It’s the wet season here, which means you can count on rain every night and often once or twice in the afternoons. As I write, I sit with Alex and Kaukisa on the porch while rain falls heavily outside. The latter works on a flashlight he is building with nothing more than a bulb, some tape, two wires, a sheet of paper, and five batteries.
(Just before I left, Kaukisa gave it to me as a gift. It’s definitely the best flashlight I own.)
Heavy with water, a branch on the nearest tree drops a mango, and all three of us look up. Kaukisa smiles – “Mi bai kisim,” he says, but before he’s turned back to his flashlight, an old lady (his grandmother, in fact, who lives next door) scurries out in the rain to retrieve it. She picks it up, turns it around, and nods her head in approval before walking back indoors. Kaukisa sighs.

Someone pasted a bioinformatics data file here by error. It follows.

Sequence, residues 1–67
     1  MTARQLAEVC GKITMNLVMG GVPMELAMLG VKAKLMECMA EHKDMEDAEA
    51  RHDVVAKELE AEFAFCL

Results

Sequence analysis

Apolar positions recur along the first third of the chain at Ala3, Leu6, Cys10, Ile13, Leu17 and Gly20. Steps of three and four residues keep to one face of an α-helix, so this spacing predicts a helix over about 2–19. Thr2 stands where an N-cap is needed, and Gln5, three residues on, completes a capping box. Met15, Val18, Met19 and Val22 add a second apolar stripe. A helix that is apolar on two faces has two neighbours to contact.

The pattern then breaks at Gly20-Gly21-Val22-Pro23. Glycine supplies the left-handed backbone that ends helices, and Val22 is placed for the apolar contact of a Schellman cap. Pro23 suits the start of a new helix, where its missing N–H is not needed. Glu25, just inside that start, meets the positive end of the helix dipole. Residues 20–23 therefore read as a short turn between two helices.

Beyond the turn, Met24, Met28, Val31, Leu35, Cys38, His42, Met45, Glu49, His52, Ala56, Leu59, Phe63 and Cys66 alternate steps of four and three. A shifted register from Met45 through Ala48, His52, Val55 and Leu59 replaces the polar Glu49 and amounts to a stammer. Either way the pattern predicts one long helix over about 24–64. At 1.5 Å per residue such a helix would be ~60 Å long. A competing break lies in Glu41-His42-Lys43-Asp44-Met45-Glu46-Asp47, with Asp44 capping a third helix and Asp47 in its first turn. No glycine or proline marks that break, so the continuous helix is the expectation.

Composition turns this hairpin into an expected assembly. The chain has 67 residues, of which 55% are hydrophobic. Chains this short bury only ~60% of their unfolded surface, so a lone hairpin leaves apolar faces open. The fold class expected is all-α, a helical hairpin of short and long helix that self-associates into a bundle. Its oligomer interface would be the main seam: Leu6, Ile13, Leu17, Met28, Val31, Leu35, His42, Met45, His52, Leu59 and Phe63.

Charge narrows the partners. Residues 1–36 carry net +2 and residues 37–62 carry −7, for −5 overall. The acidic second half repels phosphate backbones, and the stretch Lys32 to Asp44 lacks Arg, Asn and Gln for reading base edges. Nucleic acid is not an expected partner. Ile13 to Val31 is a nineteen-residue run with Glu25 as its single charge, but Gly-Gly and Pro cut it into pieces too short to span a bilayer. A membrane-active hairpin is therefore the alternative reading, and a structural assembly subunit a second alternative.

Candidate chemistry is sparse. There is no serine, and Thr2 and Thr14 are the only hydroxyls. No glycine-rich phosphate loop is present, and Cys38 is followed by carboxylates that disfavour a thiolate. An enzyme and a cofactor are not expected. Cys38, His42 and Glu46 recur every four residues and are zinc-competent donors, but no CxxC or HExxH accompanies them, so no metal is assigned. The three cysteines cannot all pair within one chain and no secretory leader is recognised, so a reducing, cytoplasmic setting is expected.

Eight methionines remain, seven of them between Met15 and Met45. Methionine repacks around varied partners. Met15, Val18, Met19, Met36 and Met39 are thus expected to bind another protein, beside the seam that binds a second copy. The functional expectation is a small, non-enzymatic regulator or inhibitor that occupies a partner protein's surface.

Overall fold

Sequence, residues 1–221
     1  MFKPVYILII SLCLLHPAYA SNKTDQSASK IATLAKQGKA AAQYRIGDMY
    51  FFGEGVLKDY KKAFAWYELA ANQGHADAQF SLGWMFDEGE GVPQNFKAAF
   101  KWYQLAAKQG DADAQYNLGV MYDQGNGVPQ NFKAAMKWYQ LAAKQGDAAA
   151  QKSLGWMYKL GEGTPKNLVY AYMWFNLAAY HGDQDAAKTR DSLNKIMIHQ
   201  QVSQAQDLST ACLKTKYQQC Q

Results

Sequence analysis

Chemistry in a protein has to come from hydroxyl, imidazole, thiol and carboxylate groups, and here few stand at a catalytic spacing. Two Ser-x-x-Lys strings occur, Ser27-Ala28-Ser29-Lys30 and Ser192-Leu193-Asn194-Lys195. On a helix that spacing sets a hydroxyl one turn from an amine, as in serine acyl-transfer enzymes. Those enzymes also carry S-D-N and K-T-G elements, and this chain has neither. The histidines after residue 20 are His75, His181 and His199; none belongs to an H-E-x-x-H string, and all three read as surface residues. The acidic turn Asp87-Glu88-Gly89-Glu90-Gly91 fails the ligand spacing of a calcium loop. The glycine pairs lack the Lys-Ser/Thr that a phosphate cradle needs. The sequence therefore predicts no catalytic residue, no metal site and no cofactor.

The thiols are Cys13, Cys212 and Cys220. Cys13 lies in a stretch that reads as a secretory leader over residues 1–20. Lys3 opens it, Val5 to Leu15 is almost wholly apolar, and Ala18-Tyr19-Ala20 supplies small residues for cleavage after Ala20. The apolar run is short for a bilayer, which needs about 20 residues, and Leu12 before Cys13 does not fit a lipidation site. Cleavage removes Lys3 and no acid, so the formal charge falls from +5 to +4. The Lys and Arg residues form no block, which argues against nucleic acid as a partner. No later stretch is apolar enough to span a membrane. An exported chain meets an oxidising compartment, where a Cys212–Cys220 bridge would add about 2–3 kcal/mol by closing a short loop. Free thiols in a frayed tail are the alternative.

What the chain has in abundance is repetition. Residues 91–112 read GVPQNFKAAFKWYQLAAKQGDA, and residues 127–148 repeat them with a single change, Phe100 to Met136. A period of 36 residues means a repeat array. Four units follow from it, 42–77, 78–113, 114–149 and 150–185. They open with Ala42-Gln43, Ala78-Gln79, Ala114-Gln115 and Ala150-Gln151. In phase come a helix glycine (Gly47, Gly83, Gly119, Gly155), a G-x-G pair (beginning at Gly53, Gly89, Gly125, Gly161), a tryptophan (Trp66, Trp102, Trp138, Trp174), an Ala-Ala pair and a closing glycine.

Soon, the rain will stop. A crowd will gather around a fire here or somewhere else nearby, and I will join them. They’ll ask me questions about the cars in America, or Barack Obama, or Higgins the dog, or another one of their favorite subjects. And in broken Tok Pisin, I’ll answer them all – until night comes, more pots of boiling bananas and kumu appear, and dinner is served.
Afterwards, Ezikiel will discuss the plans for tomorrow (temporary, as always), and the group will stori again to the sound of Namis gently snoring.
Nine o’clock comes earlier than I expect most days, but they all know this is when I sleep. When it does come, I quietly dismiss myself, crawl back inside my mosquito net, and promptly fall asleep.